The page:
Methadone maintenance patients lack analgesic response to a cumulative intravenous dose of 32 mg of hydromorphone

Gabrielle Agin-Liebes, Andrew Huhn, Eric C. Strain, George E. Bigelow, Michael T. Smith, Robert R. Edwards, Valerie A. Gruber, D. Andrew Tompkins

Research output: Contribution to journalArticlepeer-review

Abstract

Objectives: Acute pain management in patients with opioid use disorder who are maintained on methadone presents unique challenges due to high levels of opioid tolerance in this population. This randomized controlled study assessed the analgesic and abuse liability effects of escalating doses of acute intravenous (IV) hydromorphone versus placebo utilizing a validated experimental pain paradigm, quantitative sensory testing (QST). Methods: Individuals (N = 8) without chronic pain were maintained on 80−100 mg/day of oral methadone. Participants received four IV, escalating/incremental doses of hydromorphone over 270 min (32 mg total) or four placebo doses within a session test day. Test sessions were scheduled at least one week apart. QST and abuse liability measures were administered at baseline and after each injection. Results: No significant differences between the hydromorphone and placebo control conditions on analgesic indices for any QST outcomes were detected. Similarly, no differences on safety or abuse liability indices were detected despite the high doses of hydromorphone utilized. Few adverse events were detected, and those reported were mild in severity. Conclusions: The findings demonstrate that methadone-maintained individuals are highly insensitive to the analgesic effects of high-dose IV hydromorphone and may require very high doses of opioids, more efficacious opioids, or combined non-opioid analgesic strategies to achieve adequate analgesia.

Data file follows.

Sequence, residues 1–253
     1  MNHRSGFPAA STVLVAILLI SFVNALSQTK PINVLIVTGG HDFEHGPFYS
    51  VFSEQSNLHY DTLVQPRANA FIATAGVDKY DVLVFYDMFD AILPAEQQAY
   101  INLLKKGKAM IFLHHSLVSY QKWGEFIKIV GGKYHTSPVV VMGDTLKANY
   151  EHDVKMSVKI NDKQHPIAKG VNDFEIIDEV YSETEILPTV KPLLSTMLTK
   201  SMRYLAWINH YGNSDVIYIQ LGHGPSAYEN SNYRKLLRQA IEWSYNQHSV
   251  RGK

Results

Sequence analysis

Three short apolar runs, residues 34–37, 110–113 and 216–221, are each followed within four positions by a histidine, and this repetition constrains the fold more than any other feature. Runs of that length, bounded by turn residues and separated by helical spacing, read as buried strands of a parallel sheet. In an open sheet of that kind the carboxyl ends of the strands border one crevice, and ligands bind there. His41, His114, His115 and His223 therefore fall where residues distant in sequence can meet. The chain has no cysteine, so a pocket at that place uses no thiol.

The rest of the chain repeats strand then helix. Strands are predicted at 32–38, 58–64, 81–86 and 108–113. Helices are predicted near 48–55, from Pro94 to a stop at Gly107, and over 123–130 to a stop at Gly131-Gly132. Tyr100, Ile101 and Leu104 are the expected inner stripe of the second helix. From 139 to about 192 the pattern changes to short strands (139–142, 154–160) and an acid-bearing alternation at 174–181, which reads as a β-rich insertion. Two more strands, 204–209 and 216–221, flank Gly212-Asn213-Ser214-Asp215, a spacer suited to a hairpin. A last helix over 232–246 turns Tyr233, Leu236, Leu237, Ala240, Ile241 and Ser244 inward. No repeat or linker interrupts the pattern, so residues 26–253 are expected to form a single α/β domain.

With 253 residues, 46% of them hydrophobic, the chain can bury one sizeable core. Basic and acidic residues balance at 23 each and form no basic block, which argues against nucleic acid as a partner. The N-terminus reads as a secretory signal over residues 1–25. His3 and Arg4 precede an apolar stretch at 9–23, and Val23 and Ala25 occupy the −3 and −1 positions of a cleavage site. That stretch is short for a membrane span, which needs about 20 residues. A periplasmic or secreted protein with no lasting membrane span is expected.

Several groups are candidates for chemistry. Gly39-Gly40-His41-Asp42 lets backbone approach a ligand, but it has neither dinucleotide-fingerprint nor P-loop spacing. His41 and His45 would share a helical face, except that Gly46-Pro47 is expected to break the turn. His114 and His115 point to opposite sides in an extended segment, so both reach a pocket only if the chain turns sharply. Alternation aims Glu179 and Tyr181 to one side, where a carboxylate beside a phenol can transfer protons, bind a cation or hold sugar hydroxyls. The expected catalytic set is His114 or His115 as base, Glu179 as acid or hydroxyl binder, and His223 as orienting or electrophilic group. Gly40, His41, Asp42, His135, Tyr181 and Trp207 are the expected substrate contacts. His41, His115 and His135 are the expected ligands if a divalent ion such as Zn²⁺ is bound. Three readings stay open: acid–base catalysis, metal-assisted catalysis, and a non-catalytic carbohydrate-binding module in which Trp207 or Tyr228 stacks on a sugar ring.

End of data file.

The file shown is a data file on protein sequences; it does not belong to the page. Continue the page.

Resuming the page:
Original languageEnglish (US)
Article number108869
JournalDrug and alcohol dependence
Volume226
DOIs
StatePublished - Sep 1 2021

Keywords

  • Analgesia
  • Hydromorphone
  • Methadone maintenance
  • Pain
  • Quantitative sensory testing

ASJC Scopus subject areas

  • Toxicology
  • Pharmacology
  • Psychiatry and Mental health
  • Pharmacology (medical)

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